That the fund is a bit top heavy simply shows that while VDIGX lets its winners run, but it is pretty clear that it is managed so that every holding really counts, which is the way most individuals manage their portfolios.
VDIGX Is Not Investing for Short Term Dividend Yield
VDIGX’s dividend yield is wimpy compared to many other dividend-focused funds or many of the individual Dividend Growth stocks beloved by the Dividend Growth investors here on Seeking Alpha.
Morningstar reports that its yield over the trailing twelve months was 1.68% only 3 basis points higher than the 1.65% yield of the Vanguard 500 Index Fund (VFIAX) which tracks the S&P 500. Vanguard lists VDIGX’s forward-looking SEC yield as 1.75%. This is better than the 1.57% it lists as the SEC yield of VFIAX. But even so, 1.75% is not much yield from an investment that has seen its share price fluctuate from a high or $31.90 to a low of $21.38 in just the past year. You can still buy five year credit union CDs paying that much in many markets where you are taking no risk at all. VDIGX’s price could and probably will drop considerably during the next market correction and there is no guarantee it will bounce back quickly again.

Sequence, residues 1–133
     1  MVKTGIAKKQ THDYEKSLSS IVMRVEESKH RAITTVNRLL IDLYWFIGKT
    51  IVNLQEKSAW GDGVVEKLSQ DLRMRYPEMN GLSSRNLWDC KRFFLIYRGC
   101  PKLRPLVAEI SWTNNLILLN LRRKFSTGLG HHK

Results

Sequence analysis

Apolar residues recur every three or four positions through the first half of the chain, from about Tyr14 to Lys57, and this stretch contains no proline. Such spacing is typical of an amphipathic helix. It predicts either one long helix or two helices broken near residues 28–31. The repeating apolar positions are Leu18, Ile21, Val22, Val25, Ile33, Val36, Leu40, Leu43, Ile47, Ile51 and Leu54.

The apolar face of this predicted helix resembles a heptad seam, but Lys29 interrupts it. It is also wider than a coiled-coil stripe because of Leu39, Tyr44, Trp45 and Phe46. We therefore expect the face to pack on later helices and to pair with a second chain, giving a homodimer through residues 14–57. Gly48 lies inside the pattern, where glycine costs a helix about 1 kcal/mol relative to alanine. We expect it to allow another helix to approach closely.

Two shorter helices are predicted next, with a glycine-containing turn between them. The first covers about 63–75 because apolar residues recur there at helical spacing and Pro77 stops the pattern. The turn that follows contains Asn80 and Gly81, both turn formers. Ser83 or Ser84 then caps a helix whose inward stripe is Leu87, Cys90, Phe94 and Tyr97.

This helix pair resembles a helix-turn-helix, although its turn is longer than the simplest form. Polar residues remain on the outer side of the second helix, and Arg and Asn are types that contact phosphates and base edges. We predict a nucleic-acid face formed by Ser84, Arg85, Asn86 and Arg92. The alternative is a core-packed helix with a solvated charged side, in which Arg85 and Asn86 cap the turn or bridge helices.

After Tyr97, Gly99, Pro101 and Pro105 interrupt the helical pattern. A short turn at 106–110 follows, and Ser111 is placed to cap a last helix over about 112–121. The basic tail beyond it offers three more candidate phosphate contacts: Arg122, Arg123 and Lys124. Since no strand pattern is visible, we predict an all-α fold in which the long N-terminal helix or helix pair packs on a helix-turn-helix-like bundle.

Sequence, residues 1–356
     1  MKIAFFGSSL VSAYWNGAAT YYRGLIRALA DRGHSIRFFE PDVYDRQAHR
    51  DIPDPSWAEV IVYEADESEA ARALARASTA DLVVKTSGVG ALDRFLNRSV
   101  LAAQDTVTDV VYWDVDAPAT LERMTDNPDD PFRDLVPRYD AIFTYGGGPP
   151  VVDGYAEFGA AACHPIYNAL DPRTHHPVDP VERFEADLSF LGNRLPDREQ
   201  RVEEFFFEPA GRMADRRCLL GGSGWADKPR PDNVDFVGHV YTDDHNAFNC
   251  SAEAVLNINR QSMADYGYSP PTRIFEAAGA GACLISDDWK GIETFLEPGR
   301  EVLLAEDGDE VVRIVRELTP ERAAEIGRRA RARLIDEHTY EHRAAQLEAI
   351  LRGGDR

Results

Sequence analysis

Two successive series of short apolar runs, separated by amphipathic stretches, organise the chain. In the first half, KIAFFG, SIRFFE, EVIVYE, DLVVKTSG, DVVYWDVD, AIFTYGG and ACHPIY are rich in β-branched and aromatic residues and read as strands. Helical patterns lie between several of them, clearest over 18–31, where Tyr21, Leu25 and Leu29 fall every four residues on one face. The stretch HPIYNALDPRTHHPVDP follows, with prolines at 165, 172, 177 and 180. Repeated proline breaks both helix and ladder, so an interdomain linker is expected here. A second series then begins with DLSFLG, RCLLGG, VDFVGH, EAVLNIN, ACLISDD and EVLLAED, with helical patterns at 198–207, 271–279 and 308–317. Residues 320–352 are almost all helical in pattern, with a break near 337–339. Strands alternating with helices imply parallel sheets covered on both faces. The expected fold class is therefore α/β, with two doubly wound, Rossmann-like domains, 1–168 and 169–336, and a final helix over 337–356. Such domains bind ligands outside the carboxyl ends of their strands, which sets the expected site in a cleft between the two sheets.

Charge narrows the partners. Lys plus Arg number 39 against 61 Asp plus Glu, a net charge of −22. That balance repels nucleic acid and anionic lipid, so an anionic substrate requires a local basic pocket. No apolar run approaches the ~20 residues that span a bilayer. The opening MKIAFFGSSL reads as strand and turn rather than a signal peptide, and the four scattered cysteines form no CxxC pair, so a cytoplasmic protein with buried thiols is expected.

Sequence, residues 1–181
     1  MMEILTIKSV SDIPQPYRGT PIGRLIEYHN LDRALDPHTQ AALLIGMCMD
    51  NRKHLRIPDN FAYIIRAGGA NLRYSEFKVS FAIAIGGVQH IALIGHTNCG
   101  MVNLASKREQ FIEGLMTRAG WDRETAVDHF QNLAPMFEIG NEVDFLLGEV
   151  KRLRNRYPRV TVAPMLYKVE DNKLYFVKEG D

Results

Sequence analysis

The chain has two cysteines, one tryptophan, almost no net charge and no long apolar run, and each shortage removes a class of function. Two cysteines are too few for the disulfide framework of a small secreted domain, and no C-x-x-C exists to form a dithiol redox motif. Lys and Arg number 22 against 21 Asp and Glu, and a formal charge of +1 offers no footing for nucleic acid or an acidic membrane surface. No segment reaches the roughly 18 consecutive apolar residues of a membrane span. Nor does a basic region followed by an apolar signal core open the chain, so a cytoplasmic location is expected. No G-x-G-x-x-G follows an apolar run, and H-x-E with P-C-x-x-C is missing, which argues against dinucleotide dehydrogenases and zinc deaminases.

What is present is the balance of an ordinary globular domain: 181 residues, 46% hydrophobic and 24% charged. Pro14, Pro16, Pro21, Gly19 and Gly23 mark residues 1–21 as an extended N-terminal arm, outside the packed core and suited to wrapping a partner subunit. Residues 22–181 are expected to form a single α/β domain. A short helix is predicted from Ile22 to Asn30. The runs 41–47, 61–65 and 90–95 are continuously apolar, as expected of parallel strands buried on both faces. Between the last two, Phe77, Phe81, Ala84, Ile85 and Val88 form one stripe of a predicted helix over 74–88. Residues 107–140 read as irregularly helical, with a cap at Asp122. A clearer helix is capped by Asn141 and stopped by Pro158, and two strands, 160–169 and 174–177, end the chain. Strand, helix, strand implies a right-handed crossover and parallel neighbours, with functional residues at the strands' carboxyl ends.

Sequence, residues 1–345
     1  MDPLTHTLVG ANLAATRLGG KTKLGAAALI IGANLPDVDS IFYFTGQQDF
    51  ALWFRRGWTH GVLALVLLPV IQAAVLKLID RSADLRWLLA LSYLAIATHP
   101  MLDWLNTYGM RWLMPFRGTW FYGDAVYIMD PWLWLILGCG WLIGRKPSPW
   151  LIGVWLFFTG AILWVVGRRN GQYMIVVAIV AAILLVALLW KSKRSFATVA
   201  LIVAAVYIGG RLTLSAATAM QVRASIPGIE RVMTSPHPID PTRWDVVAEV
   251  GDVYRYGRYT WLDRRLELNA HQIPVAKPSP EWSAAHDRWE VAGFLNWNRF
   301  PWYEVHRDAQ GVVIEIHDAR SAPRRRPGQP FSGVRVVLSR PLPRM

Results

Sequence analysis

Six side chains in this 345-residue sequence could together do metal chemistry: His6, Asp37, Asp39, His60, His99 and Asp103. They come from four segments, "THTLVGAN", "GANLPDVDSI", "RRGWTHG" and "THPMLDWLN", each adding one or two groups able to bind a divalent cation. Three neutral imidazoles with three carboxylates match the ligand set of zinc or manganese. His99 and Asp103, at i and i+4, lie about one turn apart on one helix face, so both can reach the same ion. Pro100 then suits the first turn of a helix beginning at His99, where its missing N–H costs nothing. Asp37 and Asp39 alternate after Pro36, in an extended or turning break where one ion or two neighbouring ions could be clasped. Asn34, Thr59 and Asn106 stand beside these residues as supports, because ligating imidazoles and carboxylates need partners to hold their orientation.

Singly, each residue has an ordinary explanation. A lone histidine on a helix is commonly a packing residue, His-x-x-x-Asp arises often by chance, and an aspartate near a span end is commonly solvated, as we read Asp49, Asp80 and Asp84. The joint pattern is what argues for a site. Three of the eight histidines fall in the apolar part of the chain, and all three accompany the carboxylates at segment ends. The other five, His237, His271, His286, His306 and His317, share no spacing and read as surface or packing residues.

If you are buying this fund, you are doing so as a buy-and-hold investor, hoping that the fund’s total return will continue to grow steadily upward over time as it has over the past 18 years and trusting that the stocks it holds history of dividend growth is pointing to them being stable, well run companies. And of course, trusting that Wellington Management and its manager Donald Kilbride will continue to pick excellent companies for their fund.
Dividend Yield and Dividend Growth are Not the Dominant Factor in Selection
Though Vanguard states “The fund focuses on high-quality companies that have both the ability and the commitment to grow their dividends over time.” A look at the individual holdings of this fund make it clear that VDIGX does not pick the companies it holds using any simple screens like “dividend yield over 2.5%” or “10 year dividend growth percent over 10%.” There are no “Chowder numbers” here. The fund seems to use much softer, complex criteria. In this it is very different from the index funds and ETFs and various quant funds.